Wildlife Travel To Turkey

Ron Nelsen was just packing up after a morning’s turkey hunt in a forest near the tiny community of Providence Forge in eastern Virginia when we met him on a forest track. ‘I had a Jake [a young male] that came pretty close early this morning but I didn’t want to shoot him. Too young. It’s important to have a strong population here. He walked away after a while and I just let him walk off. I love being out in the forest with nature. I’ve been hunting for 60 years and I’m 68 now. I just sit for hours, up against a tree maybe, using callers I’ve gotten to attract a Tom,’ he commented dressed in full camouflage gear, shotgun in hand.

Ron, a Virginian by birth, was building a house on a piece of open land he’d bought within the forest we were walking in. It was to be his retirement home with his wife and he took us to see the construction. Made entirely out of wood, the living accommodation was built on the upper level so that he could look out into the trees he loved. It’s this combination of a love for the land, the unquestionable right of people to have guns for hunting, a bit of the old frontiersman attitude that still prevails in the US countryside and all combined with good manners and friendliness that makes American rural culture so entrancing.

Wildlife Travel To Turkey Photo Gallery

I was spending much of a day with Phil West of Virginia State’s Department of Game and Inland Fisheries to learn about the recovery of the Wild Turkey here in the USA. It was to write a feature for CNN Traveller magazine but what I learnt there also contributed in much more detail to a chapter in my blog Back from the Brink (Whittles, 2015). Phil and I were walking in a local area of forest, talking turkey, when we happened to meet Ron.

Ron Nelsen’s turkey callers – all cleverly made to mimic some of a Tom Turkey’s calls – were evidence of a craft in themselves. Little wooden boxes with sliding dowels to make rasping sounds; small wooden ‘strikers’ to click on a slate; and various other devices that yelp and cluck, some he had made himself and all to attract an enquiring turkey Tom who is likely to come close to see what competition he might have locally.

Turkeys, much like their close relatives and gamebirds in general, aren’t blessed with much vocal talent; no songs or musical calls, just a range of what are rather euphemistically referred to as ‘vocalisations’. To be realistic, these are better described as ‘gobbles’, ‘clucks’, ‘putts’, ‘purrs’, ‘yelps’, ‘whines’, ‘cackles’ and ‘kee-kees’ – take your pick – and Ron, and other hunters like him, can probably copy most or all of them using their turkey callers. In early spring, male turkeys gobble loudly to announce their presence to females and competing males. The gobble can carry long distances. Hens yelp to let gobblers know their location. Yet more confusingly, gobblers often yelp like females, and hens can gobble, though they rarely do so. Immature males -the jakes – often yelp too. So it’s little wonder that hunters wanting to attract them towards their gun need a wide variety of callers producing an array of sounds.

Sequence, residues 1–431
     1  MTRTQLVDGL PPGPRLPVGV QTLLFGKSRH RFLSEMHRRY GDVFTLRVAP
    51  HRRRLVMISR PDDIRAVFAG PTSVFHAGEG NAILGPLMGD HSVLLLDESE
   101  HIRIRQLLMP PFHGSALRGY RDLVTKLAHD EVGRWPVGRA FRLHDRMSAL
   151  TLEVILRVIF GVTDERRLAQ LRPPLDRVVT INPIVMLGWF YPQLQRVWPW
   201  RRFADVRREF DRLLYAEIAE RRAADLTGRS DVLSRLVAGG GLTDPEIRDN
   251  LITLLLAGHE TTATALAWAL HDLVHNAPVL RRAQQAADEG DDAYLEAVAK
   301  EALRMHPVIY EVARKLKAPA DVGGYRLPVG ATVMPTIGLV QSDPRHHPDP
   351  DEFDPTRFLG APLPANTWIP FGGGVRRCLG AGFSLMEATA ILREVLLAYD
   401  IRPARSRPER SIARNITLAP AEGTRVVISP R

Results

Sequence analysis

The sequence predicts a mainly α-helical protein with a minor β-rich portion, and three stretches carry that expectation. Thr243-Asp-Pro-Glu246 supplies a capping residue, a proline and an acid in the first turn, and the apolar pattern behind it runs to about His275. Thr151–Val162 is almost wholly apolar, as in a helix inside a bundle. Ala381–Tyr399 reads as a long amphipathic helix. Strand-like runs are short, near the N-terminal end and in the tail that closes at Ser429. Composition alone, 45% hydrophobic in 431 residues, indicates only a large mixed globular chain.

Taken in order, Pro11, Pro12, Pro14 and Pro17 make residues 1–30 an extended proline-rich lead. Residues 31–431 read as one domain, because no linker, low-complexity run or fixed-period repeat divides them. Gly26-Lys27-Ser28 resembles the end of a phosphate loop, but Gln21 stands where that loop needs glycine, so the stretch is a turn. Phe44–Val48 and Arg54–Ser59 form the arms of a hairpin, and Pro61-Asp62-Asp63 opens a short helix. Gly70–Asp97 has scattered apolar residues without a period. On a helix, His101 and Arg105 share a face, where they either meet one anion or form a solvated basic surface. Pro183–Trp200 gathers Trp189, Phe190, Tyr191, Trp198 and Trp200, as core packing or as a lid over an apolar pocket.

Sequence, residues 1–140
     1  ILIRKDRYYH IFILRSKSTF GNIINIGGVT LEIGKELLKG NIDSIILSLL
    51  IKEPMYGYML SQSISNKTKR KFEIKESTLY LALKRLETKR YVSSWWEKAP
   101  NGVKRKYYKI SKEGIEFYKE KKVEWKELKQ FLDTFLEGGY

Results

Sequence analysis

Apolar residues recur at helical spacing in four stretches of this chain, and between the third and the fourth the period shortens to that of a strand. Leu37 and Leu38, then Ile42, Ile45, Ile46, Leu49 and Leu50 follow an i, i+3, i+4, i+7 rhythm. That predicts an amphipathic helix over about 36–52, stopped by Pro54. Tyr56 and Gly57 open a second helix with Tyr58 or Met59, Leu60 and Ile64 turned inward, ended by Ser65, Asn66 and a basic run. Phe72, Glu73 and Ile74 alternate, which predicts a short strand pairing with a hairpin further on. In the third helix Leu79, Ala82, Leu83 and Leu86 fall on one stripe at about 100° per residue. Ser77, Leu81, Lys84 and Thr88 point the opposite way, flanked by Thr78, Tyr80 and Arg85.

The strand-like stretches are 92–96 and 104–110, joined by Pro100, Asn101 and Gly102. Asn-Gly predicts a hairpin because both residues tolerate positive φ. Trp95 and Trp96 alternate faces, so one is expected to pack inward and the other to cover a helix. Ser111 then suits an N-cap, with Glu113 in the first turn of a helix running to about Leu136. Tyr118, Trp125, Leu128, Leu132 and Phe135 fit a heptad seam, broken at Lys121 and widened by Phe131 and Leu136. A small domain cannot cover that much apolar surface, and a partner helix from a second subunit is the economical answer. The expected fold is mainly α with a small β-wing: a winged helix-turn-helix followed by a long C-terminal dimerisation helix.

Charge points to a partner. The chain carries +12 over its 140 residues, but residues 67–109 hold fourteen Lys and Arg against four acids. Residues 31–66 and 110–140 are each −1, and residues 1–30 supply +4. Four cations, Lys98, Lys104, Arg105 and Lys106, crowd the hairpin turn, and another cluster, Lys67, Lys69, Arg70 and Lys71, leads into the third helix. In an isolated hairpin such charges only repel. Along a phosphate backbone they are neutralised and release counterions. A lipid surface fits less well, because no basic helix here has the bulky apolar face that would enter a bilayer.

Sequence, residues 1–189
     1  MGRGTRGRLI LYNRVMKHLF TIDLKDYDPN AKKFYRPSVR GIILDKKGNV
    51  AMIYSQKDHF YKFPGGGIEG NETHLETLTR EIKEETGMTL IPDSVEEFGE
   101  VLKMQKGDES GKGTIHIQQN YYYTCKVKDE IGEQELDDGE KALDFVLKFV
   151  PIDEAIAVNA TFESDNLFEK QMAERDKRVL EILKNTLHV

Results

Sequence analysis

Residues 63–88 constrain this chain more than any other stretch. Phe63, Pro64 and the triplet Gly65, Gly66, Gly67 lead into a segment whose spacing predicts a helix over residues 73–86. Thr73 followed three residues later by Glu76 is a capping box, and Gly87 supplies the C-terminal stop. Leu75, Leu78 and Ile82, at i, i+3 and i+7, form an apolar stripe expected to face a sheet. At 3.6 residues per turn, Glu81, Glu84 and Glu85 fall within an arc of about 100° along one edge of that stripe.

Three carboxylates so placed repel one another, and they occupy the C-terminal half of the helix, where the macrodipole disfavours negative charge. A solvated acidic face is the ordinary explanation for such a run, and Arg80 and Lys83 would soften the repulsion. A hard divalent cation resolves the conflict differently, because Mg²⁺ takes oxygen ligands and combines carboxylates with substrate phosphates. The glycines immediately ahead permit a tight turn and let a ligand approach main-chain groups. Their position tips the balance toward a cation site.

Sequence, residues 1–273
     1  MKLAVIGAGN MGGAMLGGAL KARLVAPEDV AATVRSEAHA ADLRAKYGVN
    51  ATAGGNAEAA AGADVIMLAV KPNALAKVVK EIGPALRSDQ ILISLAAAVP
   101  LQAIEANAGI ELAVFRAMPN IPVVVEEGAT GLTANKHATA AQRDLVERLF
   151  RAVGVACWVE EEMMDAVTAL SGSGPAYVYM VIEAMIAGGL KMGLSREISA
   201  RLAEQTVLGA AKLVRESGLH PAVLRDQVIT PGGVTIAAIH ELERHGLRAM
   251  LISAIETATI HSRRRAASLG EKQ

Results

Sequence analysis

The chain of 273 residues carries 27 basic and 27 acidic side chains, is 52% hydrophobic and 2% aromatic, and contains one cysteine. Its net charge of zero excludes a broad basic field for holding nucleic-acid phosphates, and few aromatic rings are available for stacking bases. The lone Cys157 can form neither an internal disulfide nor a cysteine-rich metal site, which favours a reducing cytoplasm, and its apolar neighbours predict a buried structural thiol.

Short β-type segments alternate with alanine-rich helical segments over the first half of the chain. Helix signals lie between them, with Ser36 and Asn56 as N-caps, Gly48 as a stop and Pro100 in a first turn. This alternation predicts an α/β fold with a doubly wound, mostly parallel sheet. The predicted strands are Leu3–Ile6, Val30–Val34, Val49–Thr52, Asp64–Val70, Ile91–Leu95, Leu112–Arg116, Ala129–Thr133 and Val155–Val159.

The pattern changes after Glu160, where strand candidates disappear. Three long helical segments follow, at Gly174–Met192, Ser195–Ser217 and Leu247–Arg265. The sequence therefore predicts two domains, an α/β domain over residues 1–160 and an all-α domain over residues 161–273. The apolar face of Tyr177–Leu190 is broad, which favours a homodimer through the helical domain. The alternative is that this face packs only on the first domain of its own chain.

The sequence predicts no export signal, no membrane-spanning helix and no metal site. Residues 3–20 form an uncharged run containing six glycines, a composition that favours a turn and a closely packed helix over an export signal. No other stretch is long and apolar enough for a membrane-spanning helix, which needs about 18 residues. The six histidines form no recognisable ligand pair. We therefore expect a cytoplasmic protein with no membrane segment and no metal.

Phil was incredibly helpful, filling me in on a series of attempts to supplement the very low numbers of turkeys that had existed in the state after the early white settlers almost wiped them out as they did across the whole of the USA. Turkey meat was seemingly just too tasty to be left with feathers attached in the American forests. Before the settlers arrived there might have been 10 million Wild Turkeys in the USA. By 1910 maybe 30,000 remained. Huge swathes of the country had none left.

Protection from hunters, breeding programmes and reintroductions into areas from which they had been extirpated did the trick, though it took several decades. Today there are an estimated 7 million Wild Turkeys in the USA with around 200,000 in Virginia alone, slightly fewer than the number of state-registered hunters!

‘It’s impossible to see them if you walk off-track into a forest,’ Phil told me. ‘They’ll hear you coming way before you see anything. And even though they roost at night high up in a tree, they’re real hard to spot in spite of their size. They’re hard to hunt too. You have to get into an inhabited wood before first light. Then settle down and mimic the calls of the Hens to attract a Tom. It’s a quiet yelp noise and he comes looking. You don’t shoot until they are, say, 30 m away,’ he said.

It was good advice. I found it impossible to spot one in any piece of forest even though every muddy track I walked along had a plethora of giveaway turkey footprints. On one such track it was easier to spot a green and brown camouflaged hide with a shotgun barrel pointing out of it. A quiet enquiry of the incumbent revealed that he hadn’t seen a turkey either. He sounded a tad frustrated. But Wild Turkeys proved incredibly easy to spot in open fields where they often come out to search for and eat invertebrates and young plant shoots to supplement the berries, acorns and bark they eat in forests. Turkeys often walk about in groups searching the ground as they go, their bronze-sheened dark plumage and – on males – that bare-skinned blue and near-red head and neck a giveaway.

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